PSF pushes for removal of work experience for youth

Fresh graduates look out for job opportunities during a job fair in Kigali recently. Sam Ngendahimana.

The Private Sector Federation (PSF) is pushing for the removal of work experience as a means to provide employment opportunities for youth.

Deus Kayitakirwa, the Director of Advocacy at PSF told Sunday Times that the private sector is ensuring that this applies within the constituency of the private sector players.


“There’s a role for businesses and the people who work in them to help bridge the gap between education and the world of work. We will make sure that the previous work experience, in the related field is also scrapped off from part of the requirements for one to get a job.”


In 2010, the Government of Rwanda decided to remove working experience as a requirement to enter the public service. Eight years on, many young graduates have since used the chance to start their careers or had their initial working experience in civil service.


“It is something that we will emulate and see. Ofcourse it’s not going to be a straight forward initiative, as we will need to do awareness campaigns and explain to our members the benefits of having young people in the industry because after all private sector members are driven by profits so anybody who can add value whether they have experience or not, is something they will probably consider,” Kayitakirwa added.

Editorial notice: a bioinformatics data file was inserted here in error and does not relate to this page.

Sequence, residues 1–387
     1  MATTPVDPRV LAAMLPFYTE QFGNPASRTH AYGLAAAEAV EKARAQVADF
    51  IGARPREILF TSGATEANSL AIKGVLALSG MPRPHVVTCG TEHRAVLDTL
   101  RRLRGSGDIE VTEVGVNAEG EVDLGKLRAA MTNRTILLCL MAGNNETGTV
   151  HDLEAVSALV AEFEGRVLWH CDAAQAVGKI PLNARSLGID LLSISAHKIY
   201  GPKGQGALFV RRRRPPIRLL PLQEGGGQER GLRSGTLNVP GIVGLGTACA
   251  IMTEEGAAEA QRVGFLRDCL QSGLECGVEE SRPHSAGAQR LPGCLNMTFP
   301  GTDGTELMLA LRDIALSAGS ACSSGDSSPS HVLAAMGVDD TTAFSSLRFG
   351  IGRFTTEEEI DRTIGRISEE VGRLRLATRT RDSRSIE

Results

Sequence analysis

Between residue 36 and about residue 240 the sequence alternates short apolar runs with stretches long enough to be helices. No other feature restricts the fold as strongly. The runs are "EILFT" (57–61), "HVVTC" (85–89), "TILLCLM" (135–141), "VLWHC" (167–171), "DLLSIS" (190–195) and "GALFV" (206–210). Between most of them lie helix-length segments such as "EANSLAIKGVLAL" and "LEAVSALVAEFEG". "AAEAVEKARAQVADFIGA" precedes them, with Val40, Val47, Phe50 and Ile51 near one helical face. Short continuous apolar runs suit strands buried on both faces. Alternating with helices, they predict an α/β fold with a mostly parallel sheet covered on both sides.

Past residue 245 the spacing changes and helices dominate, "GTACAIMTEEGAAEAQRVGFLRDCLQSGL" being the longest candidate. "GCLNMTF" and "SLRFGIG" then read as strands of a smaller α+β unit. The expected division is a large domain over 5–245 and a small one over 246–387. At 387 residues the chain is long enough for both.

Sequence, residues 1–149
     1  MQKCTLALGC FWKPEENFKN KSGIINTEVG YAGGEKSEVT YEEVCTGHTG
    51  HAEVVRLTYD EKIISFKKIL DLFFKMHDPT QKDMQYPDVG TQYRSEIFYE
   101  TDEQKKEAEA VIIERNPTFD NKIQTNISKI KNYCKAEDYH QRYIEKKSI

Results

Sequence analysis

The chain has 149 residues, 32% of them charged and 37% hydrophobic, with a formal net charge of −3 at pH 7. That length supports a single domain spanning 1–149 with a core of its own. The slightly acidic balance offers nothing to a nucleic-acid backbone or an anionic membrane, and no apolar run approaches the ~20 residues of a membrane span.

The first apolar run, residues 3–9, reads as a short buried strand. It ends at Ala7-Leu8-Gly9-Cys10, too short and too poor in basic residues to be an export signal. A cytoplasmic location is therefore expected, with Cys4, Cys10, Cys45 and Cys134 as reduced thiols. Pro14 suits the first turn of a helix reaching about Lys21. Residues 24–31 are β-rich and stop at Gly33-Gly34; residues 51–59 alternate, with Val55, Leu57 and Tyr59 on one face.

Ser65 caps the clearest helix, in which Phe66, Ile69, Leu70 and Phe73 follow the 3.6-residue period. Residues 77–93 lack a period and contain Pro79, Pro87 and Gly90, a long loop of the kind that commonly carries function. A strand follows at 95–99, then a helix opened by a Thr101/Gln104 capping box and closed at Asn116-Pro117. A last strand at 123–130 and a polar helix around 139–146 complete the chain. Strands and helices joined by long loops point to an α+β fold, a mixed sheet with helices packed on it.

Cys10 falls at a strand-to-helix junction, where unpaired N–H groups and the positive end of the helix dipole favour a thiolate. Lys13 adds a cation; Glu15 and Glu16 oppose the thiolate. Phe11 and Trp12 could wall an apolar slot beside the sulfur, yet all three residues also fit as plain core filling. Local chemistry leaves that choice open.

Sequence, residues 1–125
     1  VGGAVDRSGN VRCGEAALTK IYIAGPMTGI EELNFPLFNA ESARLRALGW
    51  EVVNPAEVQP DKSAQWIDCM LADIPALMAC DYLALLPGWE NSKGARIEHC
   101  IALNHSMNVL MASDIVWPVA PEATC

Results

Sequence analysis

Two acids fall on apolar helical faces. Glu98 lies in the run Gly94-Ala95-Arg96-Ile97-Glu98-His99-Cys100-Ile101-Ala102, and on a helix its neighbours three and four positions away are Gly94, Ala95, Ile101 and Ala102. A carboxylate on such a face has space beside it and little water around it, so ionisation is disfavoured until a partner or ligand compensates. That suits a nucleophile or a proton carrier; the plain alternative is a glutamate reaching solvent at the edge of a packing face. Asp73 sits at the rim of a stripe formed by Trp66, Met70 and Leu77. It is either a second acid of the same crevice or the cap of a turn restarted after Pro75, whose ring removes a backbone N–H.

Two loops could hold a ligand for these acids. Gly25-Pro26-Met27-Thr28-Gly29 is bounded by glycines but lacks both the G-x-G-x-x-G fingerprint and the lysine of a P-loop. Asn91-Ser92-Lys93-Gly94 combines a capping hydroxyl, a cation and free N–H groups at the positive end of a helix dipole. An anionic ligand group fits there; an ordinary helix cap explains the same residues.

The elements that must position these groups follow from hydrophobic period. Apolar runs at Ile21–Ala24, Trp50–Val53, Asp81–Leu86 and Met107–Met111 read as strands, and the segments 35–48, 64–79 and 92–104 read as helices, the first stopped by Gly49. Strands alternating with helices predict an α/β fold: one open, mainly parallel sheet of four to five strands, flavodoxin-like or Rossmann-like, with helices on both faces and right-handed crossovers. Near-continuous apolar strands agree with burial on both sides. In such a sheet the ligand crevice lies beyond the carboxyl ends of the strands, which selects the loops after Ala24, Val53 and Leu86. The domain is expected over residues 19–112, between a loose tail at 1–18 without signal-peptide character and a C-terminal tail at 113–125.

Gaspard Musonera, the Permanent Secretary at the Ministry of Public Service and Labour (MIFOTRA), says that the government has always put the youth at the center of its transformation. For him, the move demolished the myth perpetuated by some that young people are unwilling or unable to hold down a responsible job.

“Only managerial positions that need high levels of strategic thinking, require some experience because logically speaking, you cannot require everyone to have working experience before he starts working. It will just be discrimination. With the public service there is a level of competence considered,” he says.

Rwanda’s unemployment rate stands at 16.7 per cent (as of 2017), according to figures from the National Institute Statistics of Rwanda. Youth unemployment stands at 21 per cent. The fourth Integrated Household Living Conditions Survey (EICV4) shows that university graduates’ unemployment rate is at 13.5 per cent of 135,000 graduates.

The public service employs close to 100,000.

François Ntakiyimana, Executive Secretary, Congrès du Travail et de la Fraternité des Travailleurs (COTRAF), a labour union, said that in reality, relatively few employers are able to take up this initiative since only few of them have actually recruited a young person direct from education and given job-seekers an opportunity to “try their luck”.

“It is possible for the private sector to emulate the same although it could be a herculean task, because they may prioritise with their family members since no experience is required and they want to maximize profits. Besides, they will not have the time and patience to groom these young talents and this could be a hindrance in the workforce,” he says.